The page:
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Indiana education officials delay release of A-F grades amid poor ILEARN scores

The State Board of Education voted Wednesday to postpone releasing 2019 state letter grades for schools. This delay will allow time for lawmakers to consider a one-year “hold harmless” exemption to keep A-F grades from falling.

The board’s decision comes after its members saw this year’s inaugural ILEARN results, which were released to the public during Wednesday’s meeting. Scores for the first year of the new test are significantly lower than last year’s ISTEP test results. Only 37.1% of students statewide passed both math and English, and the pass rate was significantly lower for Indianapolis Public Schools.

Some 90% of Indiana schools saw 60% or fewer students passing both subject exams. That means most of the state’s elementary and middle schools are on track to receive a D or F under Indiana’s state grading system, which relies heavily on state standardized test scores.

Both the governor and state superintendent have made public calls for lawmakers to protect schools from dropping grades, which could negatively impact teacher evaluations and trigger state intervention at chronically struggling schools.

Read more: Indiana 2019 test scores drop, hitting new low in first year of ILEARN

“I think there’s something here that reflects a problem that is statewide and needs to be addressed,” said state board member Tony Walker, referring to the state’s accountability system.

The delay means it could be months before schools receive their grades. The legislative session begins in January. Lawmakers also gather once before for an organizational day in November, although they don’t typically use it to pass legislation.

There is no required timeline by which state grades must be released. Indiana law just says they have to come out once annually. They were last released in November 2018.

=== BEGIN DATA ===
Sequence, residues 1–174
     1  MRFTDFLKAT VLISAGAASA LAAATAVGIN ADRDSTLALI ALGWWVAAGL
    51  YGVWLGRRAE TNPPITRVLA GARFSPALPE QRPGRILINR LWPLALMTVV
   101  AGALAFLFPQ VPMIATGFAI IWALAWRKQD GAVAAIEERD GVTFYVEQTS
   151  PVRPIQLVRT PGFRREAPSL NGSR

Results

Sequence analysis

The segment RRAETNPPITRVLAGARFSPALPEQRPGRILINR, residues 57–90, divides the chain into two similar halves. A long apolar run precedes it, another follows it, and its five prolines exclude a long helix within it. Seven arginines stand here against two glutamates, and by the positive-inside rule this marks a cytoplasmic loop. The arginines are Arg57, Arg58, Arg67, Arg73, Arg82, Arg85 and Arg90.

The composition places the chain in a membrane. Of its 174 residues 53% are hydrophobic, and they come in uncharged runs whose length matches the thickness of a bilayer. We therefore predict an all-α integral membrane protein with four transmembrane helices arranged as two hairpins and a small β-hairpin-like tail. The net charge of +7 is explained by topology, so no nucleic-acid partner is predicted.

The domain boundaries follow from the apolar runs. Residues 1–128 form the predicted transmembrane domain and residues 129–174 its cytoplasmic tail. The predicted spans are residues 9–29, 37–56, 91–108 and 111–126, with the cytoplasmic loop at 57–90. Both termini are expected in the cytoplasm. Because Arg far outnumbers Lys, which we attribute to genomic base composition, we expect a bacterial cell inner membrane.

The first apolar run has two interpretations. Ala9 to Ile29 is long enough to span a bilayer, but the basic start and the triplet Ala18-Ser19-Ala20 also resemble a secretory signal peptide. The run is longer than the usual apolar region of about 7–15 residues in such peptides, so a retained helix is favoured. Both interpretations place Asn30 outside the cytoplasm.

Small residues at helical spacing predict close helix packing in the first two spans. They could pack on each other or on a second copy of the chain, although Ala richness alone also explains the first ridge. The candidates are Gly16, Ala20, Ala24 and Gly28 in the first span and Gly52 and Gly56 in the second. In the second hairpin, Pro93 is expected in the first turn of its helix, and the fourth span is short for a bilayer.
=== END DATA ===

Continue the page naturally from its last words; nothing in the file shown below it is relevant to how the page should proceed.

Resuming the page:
State board member David Freitas reiterated in the meeting that passing the resolution did not signal the board’s support for the hold harmless, or “any remedy” the legislature may consider.

The state last approved a hold harmless exemption when test scores fell after a new version of ISTEP, based on more rigorous academic standards, was introduced in 2015. In response, lawmakers passed legislation that prevented schools from receiving A-F letter grades that year that were lower than the ones they received the year before.

Such a move undercuts the test’s role as an accountability metric for the state. It also has fueled debate over whether the test is a useful measure of student achievement.

This year’s test scores didn’t go down as significantly as they did in 2015, but did see the lowest statewide passing percentages in recent history. State officials said they were expecting to see a drop because of the tests new format and increased rigor.

ILEARN is a computer adaptive test, meaning questions get harder or easier as students get answers right or wrong. More than its predecessor, ISTEP, it focuses on skills linked more closely to college and career readiness.

Without a hold harmless teacher pay could be affected by lower scores. Schools are waiting for finalized scores in order to finish their 2018-19 teacher evaluations, which will be used to determine who qualifies for a raise or, subsequently, the state’s Teacher Appreciation grant. And any pay change negotiated this fall would be retroactive to the beginning of the school year.

2019 ILEARN scores: Search for your school’s results

In addition to state grades, schools also receive a federal performance measure, which the state adopted to comply with federal requirements while continuing to give state grades. It considers other metrics such as school attendance rates and language proficiency of English-learners.

The delay and hold harmless exemption would not apply to the federal measure, which can factor into federal funding and which schools receive additional support. But State Superintendent Jennifer McCormick said she expects the score will have a less severe impact on the federal measure because it puts less weight on test scores and is more goal-oriented.

The federal measure will likely be given to schools “a little faster” than state grades, McCormick said Wednesday, but that the state is still waiting on other data including growth scores.

In response to the ILEARN scores, McCormick, who is on the state education board, recently renewed her call for Indiana to use only the federal measure going forward, rather than both the federal and state grades